Gender Differences in Work-Family Conflict. Fact or Fable? A Comparative Analysis of the Gender Perspective and Gender Ideology Theory
Beek, G. van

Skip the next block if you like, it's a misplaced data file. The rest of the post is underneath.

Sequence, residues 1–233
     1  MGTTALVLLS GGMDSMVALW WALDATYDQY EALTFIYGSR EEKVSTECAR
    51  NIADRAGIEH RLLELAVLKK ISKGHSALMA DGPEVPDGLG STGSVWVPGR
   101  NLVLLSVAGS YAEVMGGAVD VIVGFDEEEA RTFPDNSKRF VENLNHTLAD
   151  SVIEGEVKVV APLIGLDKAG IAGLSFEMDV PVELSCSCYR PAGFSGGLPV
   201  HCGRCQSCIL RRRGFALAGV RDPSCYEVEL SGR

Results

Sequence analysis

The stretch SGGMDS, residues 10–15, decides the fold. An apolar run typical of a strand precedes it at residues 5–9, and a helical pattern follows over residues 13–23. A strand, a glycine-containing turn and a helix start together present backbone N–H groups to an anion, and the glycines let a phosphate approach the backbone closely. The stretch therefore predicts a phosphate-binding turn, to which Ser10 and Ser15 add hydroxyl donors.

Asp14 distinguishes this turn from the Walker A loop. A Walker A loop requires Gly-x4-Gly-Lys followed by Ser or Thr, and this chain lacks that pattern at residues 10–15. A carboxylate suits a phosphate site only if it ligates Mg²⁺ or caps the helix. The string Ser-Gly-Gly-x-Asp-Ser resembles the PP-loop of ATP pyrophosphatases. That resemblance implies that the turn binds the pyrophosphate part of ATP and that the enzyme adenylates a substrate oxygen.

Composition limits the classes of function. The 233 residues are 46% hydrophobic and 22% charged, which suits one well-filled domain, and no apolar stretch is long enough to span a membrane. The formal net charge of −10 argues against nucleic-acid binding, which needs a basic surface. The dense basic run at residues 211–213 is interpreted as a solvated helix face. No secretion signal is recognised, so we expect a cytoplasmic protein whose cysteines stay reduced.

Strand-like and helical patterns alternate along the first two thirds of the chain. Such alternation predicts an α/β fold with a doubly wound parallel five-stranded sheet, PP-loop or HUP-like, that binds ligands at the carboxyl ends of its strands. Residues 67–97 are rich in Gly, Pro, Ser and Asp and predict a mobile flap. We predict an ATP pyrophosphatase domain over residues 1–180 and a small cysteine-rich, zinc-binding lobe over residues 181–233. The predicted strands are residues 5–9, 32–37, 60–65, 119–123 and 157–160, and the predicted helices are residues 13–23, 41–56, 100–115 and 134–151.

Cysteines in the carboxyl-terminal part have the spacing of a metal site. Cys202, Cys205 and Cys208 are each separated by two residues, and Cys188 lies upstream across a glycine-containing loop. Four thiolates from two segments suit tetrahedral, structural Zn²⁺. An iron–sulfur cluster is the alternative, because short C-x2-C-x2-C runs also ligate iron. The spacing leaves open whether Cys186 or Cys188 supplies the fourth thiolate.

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This study uses data from the International Social Survey Program (ISSP) to examine gender differences in perceived work-family conflict. The following research question is used: How is the relationship between work and family demands and perceived work-family conflict different for men and women in the Netherlands? The study adds to existing literature by making a comparison between the gender perspective and the gender ideology theory in their ability to explain gender differences in perceived work-family conflict. The gender perspective theory states that culturally seen women have the main responsibility over the family domain, while men have the main responsibility over the work domain and that neglecting these responsibilities leads to work-family conflict (Duxbury & Higgins, 1991; Milkie & Peltola, 1999; Keene & Quadagno, 2004; Gutek et al, 1991; Hochschild, 1989; Voydanoff, 1988). The gender ideology states that men and women experience work-family conflict when they do not act according to their gender ideology. Women fulfill their identity by doing housework; men by participating in paid work (Minnotte et al, 2010; Greenstein, 1996). From the analyses, we can conclude that high levels of work-family conflict are rare. Moreover, gender differences in work-family conflict are minimal.